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1 Dealing with Debt
9. Going to court
After getting a judgment, the creditor can ask for you to be questioned in court about your circumstances, so they can find out how best to get the money you owe. In court, you can be ordered to answer questions on oath, about, for example:
If you do not go to the hearing, the court could issue a warrant for your arrest. The creditor may call off the hearing if you give them the details they want.
If you don't make the payments
Warrant of execution
Attachment of earnings
If there is an attachment of earnings, the court will set a 'protected earnings rate' (PER). This is a level below which they can't make deductions. It is based on Income Support rates, and takes account of other earnings (like your partner's wages) and things you must pay for. The court will then set a normal deduction rate (NDR), which is normally between half and two-thirds of the difference between the PER and your wages or salary.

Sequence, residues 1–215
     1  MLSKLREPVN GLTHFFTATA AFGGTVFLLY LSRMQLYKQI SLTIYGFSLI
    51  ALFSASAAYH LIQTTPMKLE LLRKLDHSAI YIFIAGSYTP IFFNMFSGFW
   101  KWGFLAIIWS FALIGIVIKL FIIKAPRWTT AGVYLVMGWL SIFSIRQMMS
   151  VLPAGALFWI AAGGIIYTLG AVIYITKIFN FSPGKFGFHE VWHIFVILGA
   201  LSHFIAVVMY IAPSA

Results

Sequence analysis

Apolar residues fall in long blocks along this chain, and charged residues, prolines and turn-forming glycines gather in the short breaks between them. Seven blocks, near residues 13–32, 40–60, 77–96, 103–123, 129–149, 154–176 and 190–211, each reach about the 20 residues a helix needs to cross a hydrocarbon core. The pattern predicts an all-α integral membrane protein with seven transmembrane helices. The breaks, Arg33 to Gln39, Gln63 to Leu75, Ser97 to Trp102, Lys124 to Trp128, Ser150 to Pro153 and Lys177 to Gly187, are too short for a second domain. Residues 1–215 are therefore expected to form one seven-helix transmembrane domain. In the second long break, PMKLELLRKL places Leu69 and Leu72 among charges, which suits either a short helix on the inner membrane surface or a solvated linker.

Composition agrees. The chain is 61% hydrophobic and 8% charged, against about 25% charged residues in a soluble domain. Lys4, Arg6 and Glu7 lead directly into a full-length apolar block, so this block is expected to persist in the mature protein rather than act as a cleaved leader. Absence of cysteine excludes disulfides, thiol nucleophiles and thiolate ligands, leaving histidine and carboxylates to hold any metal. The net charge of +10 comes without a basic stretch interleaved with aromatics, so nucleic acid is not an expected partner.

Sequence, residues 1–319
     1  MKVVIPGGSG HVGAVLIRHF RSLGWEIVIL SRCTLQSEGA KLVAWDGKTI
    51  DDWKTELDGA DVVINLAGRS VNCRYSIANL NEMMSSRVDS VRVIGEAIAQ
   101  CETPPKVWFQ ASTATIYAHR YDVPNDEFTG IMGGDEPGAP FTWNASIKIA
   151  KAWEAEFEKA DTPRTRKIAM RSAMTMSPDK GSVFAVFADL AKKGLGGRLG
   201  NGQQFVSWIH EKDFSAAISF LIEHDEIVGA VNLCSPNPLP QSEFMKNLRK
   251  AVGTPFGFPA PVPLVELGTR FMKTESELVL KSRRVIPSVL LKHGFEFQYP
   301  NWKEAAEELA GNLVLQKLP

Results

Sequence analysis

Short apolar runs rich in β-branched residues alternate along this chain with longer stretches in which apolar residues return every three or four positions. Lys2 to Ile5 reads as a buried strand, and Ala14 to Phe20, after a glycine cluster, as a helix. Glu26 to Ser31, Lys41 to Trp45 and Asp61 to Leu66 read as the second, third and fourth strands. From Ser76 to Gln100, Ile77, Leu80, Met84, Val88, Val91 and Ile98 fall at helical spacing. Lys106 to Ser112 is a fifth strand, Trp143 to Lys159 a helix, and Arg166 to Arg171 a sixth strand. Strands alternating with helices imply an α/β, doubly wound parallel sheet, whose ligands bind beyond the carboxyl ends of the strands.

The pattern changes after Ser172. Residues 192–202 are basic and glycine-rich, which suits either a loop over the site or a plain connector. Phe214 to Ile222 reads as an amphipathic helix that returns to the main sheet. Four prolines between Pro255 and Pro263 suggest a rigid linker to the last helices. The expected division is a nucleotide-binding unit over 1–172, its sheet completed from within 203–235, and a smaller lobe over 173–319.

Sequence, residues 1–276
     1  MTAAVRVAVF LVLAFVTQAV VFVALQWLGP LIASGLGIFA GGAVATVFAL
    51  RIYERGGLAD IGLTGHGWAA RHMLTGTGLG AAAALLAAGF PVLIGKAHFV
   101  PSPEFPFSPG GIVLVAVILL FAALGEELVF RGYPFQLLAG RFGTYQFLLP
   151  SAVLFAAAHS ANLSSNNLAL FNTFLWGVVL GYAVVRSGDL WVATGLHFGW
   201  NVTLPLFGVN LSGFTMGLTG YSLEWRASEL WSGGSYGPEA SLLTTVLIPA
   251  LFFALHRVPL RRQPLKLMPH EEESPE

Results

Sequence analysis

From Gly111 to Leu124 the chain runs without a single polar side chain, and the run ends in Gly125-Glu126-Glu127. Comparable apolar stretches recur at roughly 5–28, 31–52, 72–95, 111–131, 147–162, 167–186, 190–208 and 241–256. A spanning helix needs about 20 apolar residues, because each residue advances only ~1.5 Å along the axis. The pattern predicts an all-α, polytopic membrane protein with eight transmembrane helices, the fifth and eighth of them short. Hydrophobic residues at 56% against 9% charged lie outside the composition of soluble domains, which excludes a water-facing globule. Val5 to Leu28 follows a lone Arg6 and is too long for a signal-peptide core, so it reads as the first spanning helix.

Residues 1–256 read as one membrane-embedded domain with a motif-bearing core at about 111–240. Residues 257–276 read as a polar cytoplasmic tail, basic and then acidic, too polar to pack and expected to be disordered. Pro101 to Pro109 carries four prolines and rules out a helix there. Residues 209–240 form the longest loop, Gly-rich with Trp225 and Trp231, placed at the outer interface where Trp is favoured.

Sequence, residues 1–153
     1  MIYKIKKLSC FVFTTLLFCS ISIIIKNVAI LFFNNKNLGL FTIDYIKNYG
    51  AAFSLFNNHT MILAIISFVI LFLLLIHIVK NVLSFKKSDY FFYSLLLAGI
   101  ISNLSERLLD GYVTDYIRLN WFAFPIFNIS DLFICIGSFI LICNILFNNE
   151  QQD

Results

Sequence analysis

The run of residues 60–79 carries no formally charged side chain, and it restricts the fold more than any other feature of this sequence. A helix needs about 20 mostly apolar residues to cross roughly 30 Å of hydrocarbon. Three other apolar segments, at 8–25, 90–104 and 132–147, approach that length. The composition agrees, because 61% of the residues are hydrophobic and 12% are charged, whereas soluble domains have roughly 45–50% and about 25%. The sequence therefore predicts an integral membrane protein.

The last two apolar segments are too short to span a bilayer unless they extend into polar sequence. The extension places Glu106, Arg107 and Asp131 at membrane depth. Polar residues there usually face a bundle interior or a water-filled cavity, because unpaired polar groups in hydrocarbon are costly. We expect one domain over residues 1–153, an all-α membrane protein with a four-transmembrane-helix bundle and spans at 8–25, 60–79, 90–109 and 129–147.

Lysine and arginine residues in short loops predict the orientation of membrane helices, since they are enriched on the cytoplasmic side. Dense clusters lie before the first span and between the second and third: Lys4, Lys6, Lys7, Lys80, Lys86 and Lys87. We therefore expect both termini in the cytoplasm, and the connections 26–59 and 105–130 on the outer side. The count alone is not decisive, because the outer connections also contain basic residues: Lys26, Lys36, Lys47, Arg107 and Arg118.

High Court enforcement
This leaflet is published by the Legal Services Commission (LSC). It was written in association with Birmingham Settlement.
The leaflets are regularly updated but the law may have changed since they were printed so the information in them may be incorrect or out of date.
Leaflet Version: October 2019
CLS Legal Info Leaflets
(Legal Information Leaflets)